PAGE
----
Cylinder 5, titled “Apart from Cars” contains poems about all sorts of vehicles from a skateboard to a satellite. This is creativity at its best, and both authors turn the mundane into beautiful well-constructed poetry, with authentic and powerful voices. For example, in a poem titled “9 a.m.” Cottier replicates the 9 a.m. mayhem of traffic and people going to work with words and rhythm. In this section I was also impressed at how Renew, in a poem titled “Truck”, utilises dialogue to tell a story, something that it is  difficult to do.

Cylinder 6, titled “Utes” brings the reader a ‘dyke’ car, pig hunting, tales of naughtiness all which provoke smiles if not laughter. Both authors have powerful poetic voices which capture in words authentic moods and behaviours.

Cylinder 7, titled “Consequences”, includes poems about the consequences of bad driving, the craziness of the younger years, a broken heart, death and other events. These are a series of believable tales with observations about people’ events and of course cars.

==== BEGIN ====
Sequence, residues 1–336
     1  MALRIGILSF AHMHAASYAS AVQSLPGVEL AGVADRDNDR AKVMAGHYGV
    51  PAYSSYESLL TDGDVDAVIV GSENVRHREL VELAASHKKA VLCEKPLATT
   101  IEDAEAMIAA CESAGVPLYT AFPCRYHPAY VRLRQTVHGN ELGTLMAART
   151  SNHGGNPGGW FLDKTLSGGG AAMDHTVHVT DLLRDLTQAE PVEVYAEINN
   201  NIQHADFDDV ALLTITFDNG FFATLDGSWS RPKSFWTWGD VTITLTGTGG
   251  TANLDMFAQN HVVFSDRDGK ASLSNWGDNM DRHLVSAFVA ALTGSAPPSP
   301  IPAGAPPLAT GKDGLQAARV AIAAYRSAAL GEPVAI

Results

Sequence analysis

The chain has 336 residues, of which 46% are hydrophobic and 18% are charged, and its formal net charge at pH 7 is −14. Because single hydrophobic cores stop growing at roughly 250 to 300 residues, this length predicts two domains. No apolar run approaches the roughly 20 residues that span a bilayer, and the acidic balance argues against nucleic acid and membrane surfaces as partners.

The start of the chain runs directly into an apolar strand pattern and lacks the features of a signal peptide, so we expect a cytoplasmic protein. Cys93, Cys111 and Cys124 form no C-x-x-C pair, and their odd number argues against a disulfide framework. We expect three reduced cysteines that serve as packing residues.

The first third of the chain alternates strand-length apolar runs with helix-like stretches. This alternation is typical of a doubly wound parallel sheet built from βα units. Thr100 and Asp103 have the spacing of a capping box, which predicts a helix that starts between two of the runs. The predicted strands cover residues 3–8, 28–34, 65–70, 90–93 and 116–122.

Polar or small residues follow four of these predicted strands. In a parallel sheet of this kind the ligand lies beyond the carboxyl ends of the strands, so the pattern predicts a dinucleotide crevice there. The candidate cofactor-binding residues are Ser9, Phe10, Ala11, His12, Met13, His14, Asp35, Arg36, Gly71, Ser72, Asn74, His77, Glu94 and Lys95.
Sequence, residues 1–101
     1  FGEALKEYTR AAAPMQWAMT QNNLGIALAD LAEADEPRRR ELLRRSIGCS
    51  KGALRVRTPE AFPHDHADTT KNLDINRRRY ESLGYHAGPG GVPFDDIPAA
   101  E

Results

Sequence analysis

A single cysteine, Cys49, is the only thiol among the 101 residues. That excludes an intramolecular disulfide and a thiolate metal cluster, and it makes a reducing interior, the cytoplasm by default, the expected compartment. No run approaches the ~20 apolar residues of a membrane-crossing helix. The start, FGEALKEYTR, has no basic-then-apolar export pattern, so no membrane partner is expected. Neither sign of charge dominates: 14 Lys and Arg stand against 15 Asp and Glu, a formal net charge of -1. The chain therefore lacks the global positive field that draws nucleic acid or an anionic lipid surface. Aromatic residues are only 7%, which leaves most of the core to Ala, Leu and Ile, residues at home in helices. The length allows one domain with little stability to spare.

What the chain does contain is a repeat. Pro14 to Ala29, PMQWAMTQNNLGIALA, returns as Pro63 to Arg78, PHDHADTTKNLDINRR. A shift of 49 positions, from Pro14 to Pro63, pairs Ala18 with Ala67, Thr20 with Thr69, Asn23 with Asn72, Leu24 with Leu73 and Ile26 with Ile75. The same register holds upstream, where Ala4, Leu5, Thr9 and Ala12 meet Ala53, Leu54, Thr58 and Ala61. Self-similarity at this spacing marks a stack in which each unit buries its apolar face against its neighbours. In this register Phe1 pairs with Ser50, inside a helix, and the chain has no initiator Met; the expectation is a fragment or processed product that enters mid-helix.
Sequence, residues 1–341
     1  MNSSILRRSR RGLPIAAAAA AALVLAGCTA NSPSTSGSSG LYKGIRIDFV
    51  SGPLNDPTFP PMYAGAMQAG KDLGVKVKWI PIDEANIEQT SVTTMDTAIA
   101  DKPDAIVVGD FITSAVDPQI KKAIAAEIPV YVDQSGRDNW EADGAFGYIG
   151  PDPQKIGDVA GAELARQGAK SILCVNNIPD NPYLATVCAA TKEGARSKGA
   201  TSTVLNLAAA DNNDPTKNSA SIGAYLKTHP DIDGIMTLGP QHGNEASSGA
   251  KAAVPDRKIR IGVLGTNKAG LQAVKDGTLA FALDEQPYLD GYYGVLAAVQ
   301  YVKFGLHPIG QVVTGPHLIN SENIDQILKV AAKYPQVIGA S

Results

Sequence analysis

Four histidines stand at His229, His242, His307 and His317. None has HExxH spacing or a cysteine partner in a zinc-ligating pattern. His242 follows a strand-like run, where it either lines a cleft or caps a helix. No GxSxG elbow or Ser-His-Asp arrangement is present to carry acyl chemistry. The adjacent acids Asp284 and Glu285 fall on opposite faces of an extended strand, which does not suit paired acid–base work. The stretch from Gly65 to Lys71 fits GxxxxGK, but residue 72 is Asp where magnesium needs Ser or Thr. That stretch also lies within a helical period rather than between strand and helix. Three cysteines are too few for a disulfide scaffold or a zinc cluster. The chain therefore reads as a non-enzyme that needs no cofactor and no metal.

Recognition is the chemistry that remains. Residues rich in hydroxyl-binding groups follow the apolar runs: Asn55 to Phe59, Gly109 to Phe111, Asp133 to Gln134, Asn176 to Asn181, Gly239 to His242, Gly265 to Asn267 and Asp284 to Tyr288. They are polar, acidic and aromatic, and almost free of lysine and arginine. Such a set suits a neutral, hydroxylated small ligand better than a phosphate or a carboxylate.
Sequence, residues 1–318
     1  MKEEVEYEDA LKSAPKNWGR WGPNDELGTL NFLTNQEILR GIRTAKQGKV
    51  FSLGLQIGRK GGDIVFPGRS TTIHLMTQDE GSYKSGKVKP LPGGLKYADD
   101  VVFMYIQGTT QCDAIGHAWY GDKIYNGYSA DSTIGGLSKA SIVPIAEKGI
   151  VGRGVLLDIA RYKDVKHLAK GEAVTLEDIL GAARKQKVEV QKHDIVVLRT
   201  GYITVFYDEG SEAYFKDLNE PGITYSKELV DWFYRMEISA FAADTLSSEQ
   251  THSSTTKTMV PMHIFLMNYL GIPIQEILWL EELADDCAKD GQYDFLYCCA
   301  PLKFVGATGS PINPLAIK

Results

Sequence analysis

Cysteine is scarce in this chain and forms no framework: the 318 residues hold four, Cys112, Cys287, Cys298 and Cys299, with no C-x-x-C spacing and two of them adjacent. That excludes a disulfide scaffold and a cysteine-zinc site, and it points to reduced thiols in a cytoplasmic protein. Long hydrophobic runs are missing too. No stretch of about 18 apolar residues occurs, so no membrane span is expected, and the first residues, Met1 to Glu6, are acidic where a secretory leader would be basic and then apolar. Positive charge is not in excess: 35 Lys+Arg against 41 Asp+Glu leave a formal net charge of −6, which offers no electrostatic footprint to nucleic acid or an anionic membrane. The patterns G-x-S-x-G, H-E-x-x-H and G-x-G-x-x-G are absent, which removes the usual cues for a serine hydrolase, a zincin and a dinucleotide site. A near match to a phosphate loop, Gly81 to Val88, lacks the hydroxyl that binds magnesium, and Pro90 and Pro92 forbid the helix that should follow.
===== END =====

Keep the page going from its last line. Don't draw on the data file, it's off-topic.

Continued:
Cylinder 8, titled “Further on” is mainly about the love of cars. In spite of my initial reservations, I loved V8, and I am sure that other readers will love it as well, motorheads or not. PS Cottier and Sandra Renew have written a deeply pleasurable book full of fun, wordplay, and a love of vehicles.

About the reviewer: Dr Beatriz Copello is a well-known reviewer, writer and poet, known for her sense of humour. “Her poems are sensuous, evocative and imaginative. Beatriz Copello is one of Australia’s foremost poets,” wrote Julia Hancock, ex-editor of Allan & Unwin and Freelance editor and journalist. Copello’s poetry books are Women Souls and Shadows, Meditations at the Edge of a Dream, Flowering Roots, Under the Gums Long Shade, Lo Irrevocable del Halcon (In Spanish) and her last book Witches Women and Words was published by Ginninderra Publishing. Her poetry has been published in literary journals such as Southerly and Australian Women’s Book Review and in many other print and Electronic Publications. Fiction books by author are: A Call to the Stars, Forbidden Steps Under the Wisteria and Beyond the Moons of August (Her Doctoral Thesis).